Working Real Estate Investing Into Your Retirement Strategy


If you haven’t considered your strategy for retirement lately, it might be time to do so. A startling one-third of Americans have less than $1,000 saved for retirement when the safest general recommendation is 10 times your final salary. When planning for retirement, there are many investing approaches and saving strategies you can implement. Real estate, though one of the most powerful sectors, is often overlooked in typical retirement portfolio planning.

The Pros Of Investing In Real Estate 

• Real estate provides the opportunity to earn passive income — both to save for your retirement and to continue earning after your retirement. If you aren’t occupying your property, don’t own multiple properties or you choose to invest in rental properties, you can collect rental income on a monthly basis. Hiring a property manager to take care of the day-to-day for you will make this a truly passive, hands-off investment.

• Real estate reliably appreciates at a similar (sometimes higher) rate compared with other common retirement assets, and you can reinvest the passive income. If you need more money to invest, you can borrow against your current holdings.

• Purchasing a property and paying it off is an excellent way to help save for retirement, and adding more real estate to your portfolio can rapidly increase your savings. It’s likely that your home is your most valuable asset, and owning your home is an opportunity to use your equity to generate retirement income.

• Compared to other assets, real estate can be less volatile and more resilient to changes in the marketplace. This means your portfolio will see more consistent, reliable earnings and savings.

• There can be significant tax benefits to owning real estate and rental properties.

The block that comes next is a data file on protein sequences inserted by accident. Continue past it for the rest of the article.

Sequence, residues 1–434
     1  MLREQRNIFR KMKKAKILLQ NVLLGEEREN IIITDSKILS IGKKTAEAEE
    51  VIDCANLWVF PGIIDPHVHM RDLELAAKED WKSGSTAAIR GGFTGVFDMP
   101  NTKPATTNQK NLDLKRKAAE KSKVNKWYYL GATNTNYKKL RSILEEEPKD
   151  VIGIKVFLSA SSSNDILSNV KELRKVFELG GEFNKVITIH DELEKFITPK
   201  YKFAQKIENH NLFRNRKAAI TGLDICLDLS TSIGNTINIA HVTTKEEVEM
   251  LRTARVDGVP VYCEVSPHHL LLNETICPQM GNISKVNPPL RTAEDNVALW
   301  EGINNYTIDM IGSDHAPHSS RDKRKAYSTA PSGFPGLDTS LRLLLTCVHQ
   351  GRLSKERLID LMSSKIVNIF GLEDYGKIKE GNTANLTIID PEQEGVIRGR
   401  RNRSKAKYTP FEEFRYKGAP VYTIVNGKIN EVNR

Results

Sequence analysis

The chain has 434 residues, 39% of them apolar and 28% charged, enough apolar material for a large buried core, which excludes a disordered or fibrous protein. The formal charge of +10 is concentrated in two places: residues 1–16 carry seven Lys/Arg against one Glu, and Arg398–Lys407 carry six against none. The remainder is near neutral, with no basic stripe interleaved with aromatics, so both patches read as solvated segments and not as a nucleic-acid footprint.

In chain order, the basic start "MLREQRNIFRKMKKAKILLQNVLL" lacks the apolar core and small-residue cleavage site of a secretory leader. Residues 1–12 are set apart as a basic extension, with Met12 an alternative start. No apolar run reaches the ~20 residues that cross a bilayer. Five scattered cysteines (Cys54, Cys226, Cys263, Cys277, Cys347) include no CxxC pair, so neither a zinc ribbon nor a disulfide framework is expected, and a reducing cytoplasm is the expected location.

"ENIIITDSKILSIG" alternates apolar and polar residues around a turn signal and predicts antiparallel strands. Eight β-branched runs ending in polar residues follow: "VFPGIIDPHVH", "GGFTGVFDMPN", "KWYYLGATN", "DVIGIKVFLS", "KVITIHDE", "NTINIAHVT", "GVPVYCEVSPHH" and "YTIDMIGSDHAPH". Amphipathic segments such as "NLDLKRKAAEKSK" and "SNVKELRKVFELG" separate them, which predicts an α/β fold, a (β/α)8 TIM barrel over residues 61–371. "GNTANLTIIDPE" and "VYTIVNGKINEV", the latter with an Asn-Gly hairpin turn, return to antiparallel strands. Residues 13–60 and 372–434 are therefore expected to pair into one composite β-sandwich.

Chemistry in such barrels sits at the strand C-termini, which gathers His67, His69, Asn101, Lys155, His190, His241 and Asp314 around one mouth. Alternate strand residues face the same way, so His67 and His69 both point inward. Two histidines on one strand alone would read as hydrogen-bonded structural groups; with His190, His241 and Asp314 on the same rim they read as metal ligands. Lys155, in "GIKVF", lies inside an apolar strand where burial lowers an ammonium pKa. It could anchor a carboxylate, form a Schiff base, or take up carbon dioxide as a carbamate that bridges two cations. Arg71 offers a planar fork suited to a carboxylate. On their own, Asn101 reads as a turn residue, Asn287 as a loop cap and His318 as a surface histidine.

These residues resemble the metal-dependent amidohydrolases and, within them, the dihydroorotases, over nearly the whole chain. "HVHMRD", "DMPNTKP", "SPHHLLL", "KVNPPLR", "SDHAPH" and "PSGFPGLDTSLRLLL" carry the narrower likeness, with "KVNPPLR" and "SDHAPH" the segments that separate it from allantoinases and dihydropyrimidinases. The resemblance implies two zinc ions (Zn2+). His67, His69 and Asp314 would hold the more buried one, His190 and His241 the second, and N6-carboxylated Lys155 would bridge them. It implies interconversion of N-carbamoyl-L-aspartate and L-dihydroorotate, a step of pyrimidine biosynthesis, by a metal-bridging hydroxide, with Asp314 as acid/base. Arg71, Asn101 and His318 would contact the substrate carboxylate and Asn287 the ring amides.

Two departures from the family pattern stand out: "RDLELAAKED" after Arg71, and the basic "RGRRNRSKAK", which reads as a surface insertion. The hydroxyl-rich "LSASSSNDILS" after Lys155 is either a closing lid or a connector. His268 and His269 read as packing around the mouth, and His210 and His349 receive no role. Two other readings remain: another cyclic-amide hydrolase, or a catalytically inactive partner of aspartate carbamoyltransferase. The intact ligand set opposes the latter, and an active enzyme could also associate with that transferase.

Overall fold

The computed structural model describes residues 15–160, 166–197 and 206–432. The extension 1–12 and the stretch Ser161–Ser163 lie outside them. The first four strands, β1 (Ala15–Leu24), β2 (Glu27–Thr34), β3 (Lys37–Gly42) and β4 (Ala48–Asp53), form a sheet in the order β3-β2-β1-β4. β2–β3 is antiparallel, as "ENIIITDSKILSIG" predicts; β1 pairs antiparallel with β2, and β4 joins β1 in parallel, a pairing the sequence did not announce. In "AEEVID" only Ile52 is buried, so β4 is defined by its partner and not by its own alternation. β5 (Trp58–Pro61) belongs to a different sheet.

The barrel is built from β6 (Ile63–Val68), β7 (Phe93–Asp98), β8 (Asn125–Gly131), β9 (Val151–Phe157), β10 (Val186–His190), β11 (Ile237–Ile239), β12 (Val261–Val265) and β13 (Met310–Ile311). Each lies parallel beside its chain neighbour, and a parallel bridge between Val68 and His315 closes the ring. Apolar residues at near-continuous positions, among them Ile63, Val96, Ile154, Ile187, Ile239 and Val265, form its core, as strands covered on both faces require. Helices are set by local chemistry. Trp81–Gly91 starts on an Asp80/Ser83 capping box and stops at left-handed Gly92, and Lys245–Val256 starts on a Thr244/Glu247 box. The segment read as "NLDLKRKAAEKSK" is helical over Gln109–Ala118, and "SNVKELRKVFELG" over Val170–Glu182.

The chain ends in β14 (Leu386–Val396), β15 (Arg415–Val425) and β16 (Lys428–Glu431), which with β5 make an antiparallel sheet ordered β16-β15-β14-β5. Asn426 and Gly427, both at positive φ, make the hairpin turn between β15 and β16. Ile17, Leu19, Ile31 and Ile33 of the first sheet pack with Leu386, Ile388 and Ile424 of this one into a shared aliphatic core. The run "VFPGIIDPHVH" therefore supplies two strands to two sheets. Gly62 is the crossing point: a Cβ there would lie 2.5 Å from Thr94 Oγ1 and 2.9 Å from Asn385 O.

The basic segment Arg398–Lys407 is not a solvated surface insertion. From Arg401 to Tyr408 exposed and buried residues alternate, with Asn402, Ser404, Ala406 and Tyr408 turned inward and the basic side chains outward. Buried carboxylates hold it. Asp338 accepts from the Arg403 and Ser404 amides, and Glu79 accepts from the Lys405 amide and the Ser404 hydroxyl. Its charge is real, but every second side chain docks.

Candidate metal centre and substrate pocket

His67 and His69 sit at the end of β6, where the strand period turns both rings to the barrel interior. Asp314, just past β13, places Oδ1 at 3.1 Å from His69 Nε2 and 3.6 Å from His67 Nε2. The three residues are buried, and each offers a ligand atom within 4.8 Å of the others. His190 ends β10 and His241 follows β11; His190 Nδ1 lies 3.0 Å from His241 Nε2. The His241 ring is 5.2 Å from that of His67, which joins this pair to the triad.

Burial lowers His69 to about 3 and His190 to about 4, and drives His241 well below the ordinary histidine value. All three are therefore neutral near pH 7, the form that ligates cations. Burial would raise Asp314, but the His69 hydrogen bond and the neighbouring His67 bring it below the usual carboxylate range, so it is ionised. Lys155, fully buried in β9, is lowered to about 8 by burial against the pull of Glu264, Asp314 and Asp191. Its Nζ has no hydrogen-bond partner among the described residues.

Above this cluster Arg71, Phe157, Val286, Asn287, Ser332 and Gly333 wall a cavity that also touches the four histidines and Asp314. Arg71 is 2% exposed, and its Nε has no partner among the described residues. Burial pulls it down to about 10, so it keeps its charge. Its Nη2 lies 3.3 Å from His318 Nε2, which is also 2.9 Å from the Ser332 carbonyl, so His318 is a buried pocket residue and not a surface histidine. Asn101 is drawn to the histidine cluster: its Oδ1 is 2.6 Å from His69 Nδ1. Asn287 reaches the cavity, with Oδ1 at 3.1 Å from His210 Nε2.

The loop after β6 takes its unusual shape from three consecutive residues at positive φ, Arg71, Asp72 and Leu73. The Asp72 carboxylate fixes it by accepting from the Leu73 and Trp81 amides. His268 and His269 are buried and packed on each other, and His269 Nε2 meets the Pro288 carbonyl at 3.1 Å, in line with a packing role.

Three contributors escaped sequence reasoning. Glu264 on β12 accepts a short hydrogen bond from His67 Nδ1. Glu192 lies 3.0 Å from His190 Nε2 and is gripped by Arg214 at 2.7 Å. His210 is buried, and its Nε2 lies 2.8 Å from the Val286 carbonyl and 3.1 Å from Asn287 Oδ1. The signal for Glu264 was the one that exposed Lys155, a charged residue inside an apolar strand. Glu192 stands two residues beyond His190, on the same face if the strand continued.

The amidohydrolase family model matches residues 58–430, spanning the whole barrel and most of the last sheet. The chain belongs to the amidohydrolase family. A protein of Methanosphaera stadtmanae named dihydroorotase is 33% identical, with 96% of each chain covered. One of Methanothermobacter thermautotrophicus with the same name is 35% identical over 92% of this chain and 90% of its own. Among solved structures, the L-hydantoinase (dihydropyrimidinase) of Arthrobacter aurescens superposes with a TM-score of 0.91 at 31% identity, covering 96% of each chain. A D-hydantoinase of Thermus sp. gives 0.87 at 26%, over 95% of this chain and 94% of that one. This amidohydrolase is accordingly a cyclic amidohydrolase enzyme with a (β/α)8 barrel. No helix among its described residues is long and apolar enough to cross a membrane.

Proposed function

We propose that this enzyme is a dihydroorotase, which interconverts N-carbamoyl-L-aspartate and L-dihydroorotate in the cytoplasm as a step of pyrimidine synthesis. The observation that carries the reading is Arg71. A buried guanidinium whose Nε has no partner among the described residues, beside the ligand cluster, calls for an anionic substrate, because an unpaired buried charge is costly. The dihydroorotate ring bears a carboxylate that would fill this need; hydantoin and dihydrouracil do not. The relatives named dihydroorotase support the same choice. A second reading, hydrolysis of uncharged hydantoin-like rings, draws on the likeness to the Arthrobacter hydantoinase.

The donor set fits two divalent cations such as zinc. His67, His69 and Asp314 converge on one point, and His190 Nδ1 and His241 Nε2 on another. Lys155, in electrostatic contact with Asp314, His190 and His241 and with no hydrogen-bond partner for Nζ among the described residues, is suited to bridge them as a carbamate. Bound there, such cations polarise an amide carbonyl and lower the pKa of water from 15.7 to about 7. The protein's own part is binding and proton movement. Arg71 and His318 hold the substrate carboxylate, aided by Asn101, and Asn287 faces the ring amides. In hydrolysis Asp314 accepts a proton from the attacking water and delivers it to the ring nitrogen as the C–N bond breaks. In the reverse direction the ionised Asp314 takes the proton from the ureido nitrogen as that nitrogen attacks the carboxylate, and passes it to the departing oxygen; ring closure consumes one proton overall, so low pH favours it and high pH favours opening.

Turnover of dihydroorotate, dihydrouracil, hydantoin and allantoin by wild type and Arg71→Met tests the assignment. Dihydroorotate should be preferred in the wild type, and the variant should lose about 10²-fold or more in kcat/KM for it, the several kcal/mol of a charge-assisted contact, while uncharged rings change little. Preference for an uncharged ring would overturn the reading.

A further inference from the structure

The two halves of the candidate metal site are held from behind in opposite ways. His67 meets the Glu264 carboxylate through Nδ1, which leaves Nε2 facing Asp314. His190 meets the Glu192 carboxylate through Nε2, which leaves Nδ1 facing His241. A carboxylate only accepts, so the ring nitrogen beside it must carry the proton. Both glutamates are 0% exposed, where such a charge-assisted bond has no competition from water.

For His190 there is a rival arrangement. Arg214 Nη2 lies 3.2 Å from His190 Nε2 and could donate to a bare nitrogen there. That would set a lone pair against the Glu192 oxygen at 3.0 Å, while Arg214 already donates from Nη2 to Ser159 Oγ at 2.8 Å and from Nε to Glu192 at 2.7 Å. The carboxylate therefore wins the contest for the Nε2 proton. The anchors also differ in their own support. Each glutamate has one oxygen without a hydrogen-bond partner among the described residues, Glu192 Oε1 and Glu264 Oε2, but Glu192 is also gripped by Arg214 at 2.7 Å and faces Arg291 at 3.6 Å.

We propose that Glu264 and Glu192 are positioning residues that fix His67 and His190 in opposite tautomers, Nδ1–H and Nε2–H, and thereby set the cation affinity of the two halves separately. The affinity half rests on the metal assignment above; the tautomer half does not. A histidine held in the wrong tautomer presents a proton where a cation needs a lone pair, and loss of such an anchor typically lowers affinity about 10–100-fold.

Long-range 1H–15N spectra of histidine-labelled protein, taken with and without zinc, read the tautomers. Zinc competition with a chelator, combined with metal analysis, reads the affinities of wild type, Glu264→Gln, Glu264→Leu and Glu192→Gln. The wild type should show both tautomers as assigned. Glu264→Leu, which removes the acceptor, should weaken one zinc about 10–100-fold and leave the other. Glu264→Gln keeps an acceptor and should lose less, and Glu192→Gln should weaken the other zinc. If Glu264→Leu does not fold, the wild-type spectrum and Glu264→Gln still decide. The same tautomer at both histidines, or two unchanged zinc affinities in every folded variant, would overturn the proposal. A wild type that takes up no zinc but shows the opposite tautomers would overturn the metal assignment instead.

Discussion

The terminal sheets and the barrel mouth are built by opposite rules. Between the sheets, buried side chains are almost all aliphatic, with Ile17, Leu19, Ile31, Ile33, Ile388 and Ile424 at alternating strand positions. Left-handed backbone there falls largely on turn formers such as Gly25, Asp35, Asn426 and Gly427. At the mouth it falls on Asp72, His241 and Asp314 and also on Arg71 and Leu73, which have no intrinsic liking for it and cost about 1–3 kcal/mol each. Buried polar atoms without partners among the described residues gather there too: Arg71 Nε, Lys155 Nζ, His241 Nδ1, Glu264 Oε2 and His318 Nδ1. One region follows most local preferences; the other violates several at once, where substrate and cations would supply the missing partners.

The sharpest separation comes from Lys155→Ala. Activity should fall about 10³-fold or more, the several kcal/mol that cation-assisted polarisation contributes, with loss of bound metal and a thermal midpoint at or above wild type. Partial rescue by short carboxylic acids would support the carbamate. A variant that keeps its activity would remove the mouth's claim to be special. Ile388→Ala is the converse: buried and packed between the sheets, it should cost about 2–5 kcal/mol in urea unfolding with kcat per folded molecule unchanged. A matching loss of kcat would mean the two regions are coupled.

• A diversified portfolio that collects income from a variety of sources will be the most stable, even in times of economic uncertainty.

The Challenges Of Real Estate Investing

• Purchasing a property you intend to use as a rental property can take significant upfront capital. Managing a rental property can be time-consuming and requires unplanned expenses, and you will also have to deal with vacancies on occasion. Hiring a property manager can be a great asset, but this fee can also cut into your profits.

• Investing in certain types of real estate — like commercial properties or vacation rentals — can be extremely profitable but also more complicated and ensues higher risk.

• Buying a property with the intention to flip and sell also involves a set of risks to consider. Without the right assets, knowledge and skills, you may actually lose money on these investments.

• You may plan to sell or liquidate your real estate investments prior to or during your retirement, but the selling process can be difficult to predict. You don’t know what state the market will be in when you decide to sell, and you may end up waiting longer than planned or selling your property for less than you had planned.

• Real estate can be complicated to pass on in a will compared with other assets, and it’s nearly impossible to divide between multiple persons.

Investing in real estate isn’t for everyone and depends greatly on your lifestyle, current assets, financial goals and interests. It is important to consider the potential challenges and decide if this is the best path for you. The upsides of real estate investing can be remarkable, and real estate could prove to be one of the best assets you add to your retirement portfolio.

Before you choose to invest, take the time to arm yourself with the knowledge and skills required to be successful in real estate. Assess your experience and current financial situation to determine the best investment opportunities for your goals.

Source: Forbes
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